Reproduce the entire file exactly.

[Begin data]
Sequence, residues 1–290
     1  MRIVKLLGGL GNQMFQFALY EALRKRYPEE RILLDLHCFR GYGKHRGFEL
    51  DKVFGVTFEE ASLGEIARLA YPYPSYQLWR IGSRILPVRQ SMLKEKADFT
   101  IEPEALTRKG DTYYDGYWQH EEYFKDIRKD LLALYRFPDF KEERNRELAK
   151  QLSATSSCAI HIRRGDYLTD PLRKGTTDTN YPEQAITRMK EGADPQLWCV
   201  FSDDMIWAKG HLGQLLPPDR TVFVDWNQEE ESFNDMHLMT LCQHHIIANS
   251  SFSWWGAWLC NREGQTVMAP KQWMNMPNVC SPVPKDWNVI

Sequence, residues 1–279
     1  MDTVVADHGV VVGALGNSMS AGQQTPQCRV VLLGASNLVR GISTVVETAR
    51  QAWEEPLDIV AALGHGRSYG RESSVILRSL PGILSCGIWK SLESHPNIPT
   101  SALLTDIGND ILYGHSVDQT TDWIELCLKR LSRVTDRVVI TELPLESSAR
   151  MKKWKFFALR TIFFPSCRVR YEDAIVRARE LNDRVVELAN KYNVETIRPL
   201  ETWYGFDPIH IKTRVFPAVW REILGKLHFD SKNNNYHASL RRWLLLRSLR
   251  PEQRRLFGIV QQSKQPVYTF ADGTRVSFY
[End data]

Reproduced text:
Sequence, residues 1–290
     1  MRIVKLLGGL GNQMFQFALY EALRKRYPEE RILLDLHCFR GYGKHRGFEL
    51  DKVFGVTFEE ASLGEIARLA YPYPSYQLWR IGSRILPVRQ SMLKEKADFT
   101  IEPEALTRKG DTYYDGYWQH EEYFKDIRKD LLALYRFPDF KEERNRELAK
   151  QLSATSSCAI HIRRGDYLTD PLRKGTTDTN YPEQAITRMK EGADPQLWCV
   201  FSDDMIWAKG HLGQLLPPDR TVFVDWNQEE ESFNDMHLMT LCQHHIIANS
   251  SFSWWGAWLC NREGQTVMAP KQWMNMPNVC SPVPKDWNVI

Sequence, residues 1–279
     1  MDTVVADHGV VVGALGNSMS AGQQTPQCRV VLLGASNLVR GISTVVETAR
    51  QAWEEPLDIV AALGHGRSYG RESSVILRSL PGILSCGIWK SLESHPNIPT
   101  SALLTDIGND ILYGHSVDQT TDWIELCLKR LSRVTDRVVI TELPLESSAR
   151  MKKWKFFALR TIFFPSCRVR YEDAIVRARE LNDRVVELAN KYNVETIRPL
   201  ETWYGFDPIH IKTRVFPAVW REILGKLHFD SKNNNYHASL RRWLLLRSLR
   251  PEQRRLFGIV QQSKQPVYTF ADGTRVSFY